While the viticultural reputations of France, Italy and Spain are well established, Portugal remains relatively unestablished outside of its famous fortified Port and Muscatel wines. João Roquette wants to shape the way people think about Portuguese wine. Roquette, CEO of Esporão Wines, is seeking the highest quality in Portuguese still wines through a sustainable, holistic approach.
“It’s simple: More naturally raised grapes result in a better grape, which is evident in the profile of the wine,” Roquette said, over a glass of the Esporão Private Selection Red—a blend of the harvest’s finest varietals creatively mixed by the winemakers. Roquette’s approach to sustainability is grounded in quality. “We experiment with organic and non-organic growing methods,” Roquette says. By growing two plots of the same varietal in the same conditions, Roquette is able to determine the impact of organic growing methods on the character of the wine. “We are only two years into a five-year study, but the results are clear,” Roquette says.
Organic production allows the character of the varietal, as well as the conditions of the vineyard, to shine. “It’s truly humbling,” Roquette says of organic production; during which a dry spring or blistering hot summer can be a challenge to winemakers. It’s not surprising that with each wine, detailed descriptions of the annual climate, soil conditions and harvesting process are included alongside tasting notes. Our favorite of Esporão’s current offerings, the 2010 Red Reserve, reveals what Roquette calls “the essence of the Alentejo region.” A long, mild summer allowed the grapes to mature to perfection, resulting in a complex, tannin-rich body with spicy red berry notes. Dynamic blending between varietals resulted in the identity of the vineyard and character of the season showing clearly—rather than simply the essence of a single varietal.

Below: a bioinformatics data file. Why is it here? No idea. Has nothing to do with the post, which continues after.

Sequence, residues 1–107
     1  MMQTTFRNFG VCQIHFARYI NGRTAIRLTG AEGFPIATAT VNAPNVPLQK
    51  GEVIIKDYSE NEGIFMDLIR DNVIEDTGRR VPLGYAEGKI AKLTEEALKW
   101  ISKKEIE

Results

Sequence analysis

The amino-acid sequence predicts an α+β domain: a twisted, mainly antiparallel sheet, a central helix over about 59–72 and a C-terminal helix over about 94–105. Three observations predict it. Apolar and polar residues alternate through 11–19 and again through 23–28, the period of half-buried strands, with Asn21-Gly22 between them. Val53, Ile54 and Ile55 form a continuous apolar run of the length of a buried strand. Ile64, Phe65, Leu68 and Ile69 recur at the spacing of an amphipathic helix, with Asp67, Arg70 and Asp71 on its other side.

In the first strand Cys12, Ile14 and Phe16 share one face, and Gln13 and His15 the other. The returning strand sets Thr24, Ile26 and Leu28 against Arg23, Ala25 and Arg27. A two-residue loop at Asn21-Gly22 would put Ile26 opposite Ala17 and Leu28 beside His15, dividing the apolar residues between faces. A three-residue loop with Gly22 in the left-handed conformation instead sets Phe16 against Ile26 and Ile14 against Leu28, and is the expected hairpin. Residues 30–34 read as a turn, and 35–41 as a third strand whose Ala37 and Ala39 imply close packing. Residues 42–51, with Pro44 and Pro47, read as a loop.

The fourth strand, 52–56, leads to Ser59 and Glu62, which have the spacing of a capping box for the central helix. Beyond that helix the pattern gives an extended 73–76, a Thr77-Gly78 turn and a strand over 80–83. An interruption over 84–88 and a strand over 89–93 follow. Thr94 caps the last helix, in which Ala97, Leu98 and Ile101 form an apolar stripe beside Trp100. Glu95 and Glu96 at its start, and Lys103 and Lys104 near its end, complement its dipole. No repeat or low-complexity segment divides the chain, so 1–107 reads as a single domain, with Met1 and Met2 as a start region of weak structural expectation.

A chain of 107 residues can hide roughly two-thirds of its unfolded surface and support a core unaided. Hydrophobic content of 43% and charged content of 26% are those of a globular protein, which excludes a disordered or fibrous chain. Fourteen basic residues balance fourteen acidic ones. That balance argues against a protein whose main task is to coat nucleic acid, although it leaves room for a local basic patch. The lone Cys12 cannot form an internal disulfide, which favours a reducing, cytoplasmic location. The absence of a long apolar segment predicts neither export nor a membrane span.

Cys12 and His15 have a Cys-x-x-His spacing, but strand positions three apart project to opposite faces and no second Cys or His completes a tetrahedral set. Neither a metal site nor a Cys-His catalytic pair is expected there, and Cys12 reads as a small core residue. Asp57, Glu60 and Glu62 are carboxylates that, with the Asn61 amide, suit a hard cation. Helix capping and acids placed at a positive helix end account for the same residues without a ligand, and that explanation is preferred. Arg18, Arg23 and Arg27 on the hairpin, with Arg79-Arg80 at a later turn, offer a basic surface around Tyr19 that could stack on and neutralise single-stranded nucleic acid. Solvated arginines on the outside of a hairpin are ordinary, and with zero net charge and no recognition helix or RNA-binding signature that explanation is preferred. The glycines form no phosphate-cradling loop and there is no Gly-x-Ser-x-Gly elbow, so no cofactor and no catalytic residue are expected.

In addition to striving for the best quality through sustainable practices, the Esperão takes a holistic approach to ethical, healthy production. The vineyard’s ampelographic field lays host to over 188 varieties of grapes, acting as a sort of living encyclopedia of international viticulture— from the common Zinfandel to the obscure Portuguese white varietal Uva Salsa.
Meanwhile, wildlife integration and the fostering of plant biodiversity on the vineyard contribute to the health and wellbeing of the ecosystem surrounding the grapes. Employees at the beautiful estate south-east of Lisbon are on hire year-round and are offered a range of benefits including childcare and educational opportunities. “This is how agricultural has been done for thousands of years,” Roquette says, “it’s only in the last 50 years we have began to do things so differently.” This approach has won the attention of the Drinks Business 2013 Green award for sustainability.
The beauty and biodiversity of Esperão’s estate has led to an increase in visits from dedicated fans. And, with its medieval architecture, an archaeology site and stunning natural beauty it’s no wonder that wine enthusiasts are flocking. Esperão is now offering seasonal, traditional Portuguese cuisine, with vegetables grown at an on-site garden, from its own restaurant. If you can’t get to Portugal for an Alentejo sunset and glass of the estate’s finest, keep an eye out for Esporão wines at your local wine bar or retailer.
Estate images courtesy of Esporão Wines, product images by Hans Aschim